Weekend Box Office (June 12 - 14, 1998)
THIS WEEKEND Audiences tuned in for The Truman Show making it the number one picture for the second straight weekend with $20M in ticket sales. Down a respectable 37%, the Jim Carrey media satire pushed its ten day gross to an impressive $64.5M and should reach the $100M mark by the end of the month. Although a 37% dropoff is average for a film, The Truman Show was expected to hold up better due to its glorious reviews and strong word-of-mouth. Also, Paramount widened the release by 547 theaters giving The Truman Show a per-theater average of $6,992 which was off a sharp 49% from last weekend's debut average of $13,625.
However, The Truman Show was the first movie in five years to spend back-to-back weekends at number one during the month of June. Jurassic Park spent three straight weekends at number one in June of 1993. The Hollywood studios have used this month as a launching pad for some of their biggest pictures spreading the debuts for potential blockbusters across each weekend in June which allows few films to repeat at number one.
With $64.5M in the bank after ten days, The Truman Show is running 9% behind the pace of Jim Carrey's last film Liar, Liar. That comedy opened as powerfully as The Truman Show, but was able to gross $71M in its first ten days and went on to finish with $181.4M. Of course Liar, Liar was the type of film that audiences usually expect from Carrey, while Truman was a risky attempt at drama for the comic superstar. With audiences accepting Carrey's more serious side, the star of Ace Ventura and Dumb and Dumber will be able to diversify his roles in the future since he has broken through his comedy shell and proven that he can make money in other genres as well. If The Truman Show continues to depreciate at its current level, it should achieve a final gross between $130-150M.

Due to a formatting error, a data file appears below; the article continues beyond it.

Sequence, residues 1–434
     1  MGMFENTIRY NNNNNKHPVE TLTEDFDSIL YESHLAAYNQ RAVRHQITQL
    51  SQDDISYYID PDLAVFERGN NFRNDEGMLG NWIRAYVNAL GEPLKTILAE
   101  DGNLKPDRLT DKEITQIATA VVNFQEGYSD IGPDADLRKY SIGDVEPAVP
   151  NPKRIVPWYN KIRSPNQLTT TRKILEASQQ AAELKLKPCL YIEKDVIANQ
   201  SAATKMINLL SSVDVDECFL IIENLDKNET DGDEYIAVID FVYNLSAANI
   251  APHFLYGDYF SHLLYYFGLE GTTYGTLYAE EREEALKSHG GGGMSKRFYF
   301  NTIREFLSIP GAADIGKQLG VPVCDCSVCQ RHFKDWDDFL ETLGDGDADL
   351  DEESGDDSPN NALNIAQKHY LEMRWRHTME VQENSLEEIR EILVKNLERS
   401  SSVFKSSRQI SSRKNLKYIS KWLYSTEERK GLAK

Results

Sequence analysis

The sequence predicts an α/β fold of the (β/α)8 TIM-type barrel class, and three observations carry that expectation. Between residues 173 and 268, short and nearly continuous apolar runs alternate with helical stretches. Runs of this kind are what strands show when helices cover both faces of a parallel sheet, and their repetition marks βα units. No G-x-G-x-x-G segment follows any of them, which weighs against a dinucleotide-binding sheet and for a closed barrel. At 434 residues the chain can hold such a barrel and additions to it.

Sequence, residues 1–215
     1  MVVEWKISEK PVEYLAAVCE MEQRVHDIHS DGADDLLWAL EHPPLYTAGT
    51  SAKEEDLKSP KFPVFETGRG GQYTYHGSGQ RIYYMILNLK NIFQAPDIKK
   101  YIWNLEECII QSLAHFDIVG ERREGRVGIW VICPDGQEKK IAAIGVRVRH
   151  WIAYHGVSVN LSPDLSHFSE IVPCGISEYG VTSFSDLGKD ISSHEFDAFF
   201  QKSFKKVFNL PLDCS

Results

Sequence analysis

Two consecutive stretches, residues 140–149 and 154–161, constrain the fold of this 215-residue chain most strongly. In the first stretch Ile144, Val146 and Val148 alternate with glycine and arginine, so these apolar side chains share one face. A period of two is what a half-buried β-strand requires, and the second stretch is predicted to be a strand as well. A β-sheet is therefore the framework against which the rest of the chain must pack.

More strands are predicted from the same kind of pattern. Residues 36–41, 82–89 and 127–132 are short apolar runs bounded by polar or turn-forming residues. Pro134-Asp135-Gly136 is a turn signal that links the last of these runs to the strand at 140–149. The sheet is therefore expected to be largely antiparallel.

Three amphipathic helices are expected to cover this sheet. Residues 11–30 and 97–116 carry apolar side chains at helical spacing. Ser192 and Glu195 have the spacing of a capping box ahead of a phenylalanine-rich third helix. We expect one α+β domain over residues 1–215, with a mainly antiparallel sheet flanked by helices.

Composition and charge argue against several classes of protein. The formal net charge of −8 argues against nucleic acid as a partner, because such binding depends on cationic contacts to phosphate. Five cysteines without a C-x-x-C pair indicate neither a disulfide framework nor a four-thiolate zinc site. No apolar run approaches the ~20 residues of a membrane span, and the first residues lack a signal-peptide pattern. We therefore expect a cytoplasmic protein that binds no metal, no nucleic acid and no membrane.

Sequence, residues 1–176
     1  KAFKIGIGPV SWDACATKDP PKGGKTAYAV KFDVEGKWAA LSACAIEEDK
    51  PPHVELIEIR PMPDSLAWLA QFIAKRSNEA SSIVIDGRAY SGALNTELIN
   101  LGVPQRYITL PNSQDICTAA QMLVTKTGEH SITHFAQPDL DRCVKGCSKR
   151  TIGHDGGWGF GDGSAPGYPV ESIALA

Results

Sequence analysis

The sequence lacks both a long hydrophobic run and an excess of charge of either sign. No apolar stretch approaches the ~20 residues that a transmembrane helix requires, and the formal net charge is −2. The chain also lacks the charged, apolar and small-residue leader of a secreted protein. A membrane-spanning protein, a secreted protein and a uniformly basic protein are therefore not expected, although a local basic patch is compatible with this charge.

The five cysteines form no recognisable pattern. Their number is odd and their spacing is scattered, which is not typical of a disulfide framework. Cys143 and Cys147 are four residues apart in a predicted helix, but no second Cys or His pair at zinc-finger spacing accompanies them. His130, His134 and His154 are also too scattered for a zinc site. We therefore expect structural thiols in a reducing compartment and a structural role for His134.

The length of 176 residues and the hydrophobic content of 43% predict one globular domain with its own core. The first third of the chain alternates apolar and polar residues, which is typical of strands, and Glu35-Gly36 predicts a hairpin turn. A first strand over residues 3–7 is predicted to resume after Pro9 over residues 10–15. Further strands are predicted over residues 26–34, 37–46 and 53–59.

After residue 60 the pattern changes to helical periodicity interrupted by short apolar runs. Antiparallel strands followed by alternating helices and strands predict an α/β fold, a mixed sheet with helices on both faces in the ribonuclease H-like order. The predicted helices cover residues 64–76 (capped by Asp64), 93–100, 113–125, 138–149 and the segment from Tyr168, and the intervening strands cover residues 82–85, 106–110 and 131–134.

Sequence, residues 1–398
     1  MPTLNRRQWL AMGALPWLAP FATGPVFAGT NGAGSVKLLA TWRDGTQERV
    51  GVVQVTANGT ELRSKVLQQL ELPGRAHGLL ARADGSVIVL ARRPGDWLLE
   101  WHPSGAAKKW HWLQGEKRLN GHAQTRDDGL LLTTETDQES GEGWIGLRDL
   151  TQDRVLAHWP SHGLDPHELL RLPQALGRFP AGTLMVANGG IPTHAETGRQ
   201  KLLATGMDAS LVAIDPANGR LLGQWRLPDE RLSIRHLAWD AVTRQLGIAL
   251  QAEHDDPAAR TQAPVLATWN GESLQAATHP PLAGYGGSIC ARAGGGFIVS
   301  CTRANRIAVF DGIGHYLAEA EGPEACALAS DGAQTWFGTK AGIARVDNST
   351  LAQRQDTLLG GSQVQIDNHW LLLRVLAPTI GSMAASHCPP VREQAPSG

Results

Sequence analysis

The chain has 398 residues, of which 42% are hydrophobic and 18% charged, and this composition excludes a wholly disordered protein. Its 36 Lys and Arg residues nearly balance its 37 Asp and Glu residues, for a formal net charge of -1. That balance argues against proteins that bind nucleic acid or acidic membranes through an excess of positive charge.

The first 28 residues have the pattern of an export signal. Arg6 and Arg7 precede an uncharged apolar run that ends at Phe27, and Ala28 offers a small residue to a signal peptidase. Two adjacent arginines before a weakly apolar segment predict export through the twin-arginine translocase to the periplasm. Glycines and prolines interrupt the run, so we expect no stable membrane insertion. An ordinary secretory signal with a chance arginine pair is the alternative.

Harrison Ford's latest offering Six Days, Seven Nights debuted with a strong second place showing earning $16.5M. The Disney romantic adventure film, also starring Anne Heche, averaged a solid $6,465 per theater in 2,550 locations and enjoyed the biggest opening for the studio since last November's Flubber. While not spectacular, the launch for Six Days was very good as it bested last year's $14.3M debut of Ford's cop drama The Devil's Own, while trailing the actor's blockbuster from last summer, Air Force One, which opened with $37.1M. Six Days, Seven Nights was reportedly budgeted at around $70M.
Buena Vista Distribution President Phil Barlow was excited about the opening of his studio's new release and noted that its 44% Friday-to-Saturday increase was extremely good for a new release indicating that the film should hold up nicely. He also stated that the male-female turnout is about even and the 25-50 age group was the strongest sector. For a review of Six Days, Seven Nights visit Chief's Movie Review Page.
Slipping a notch to third place was the Michael Douglas thriller A Perfect Murder which stayed strong in its sophomore frame with an $11.3M winfall, down a commendable 32%. After ten days, the Warner Bros. remake of an Alfred Hitchcock classic has collected $34.4M which is about equal to the ten-day grosses of City of Angels and The Man in The Iron Mask. A Perfect Murder is performing very well with moviegoers and should be able to reach $70-80M at the domestic box office.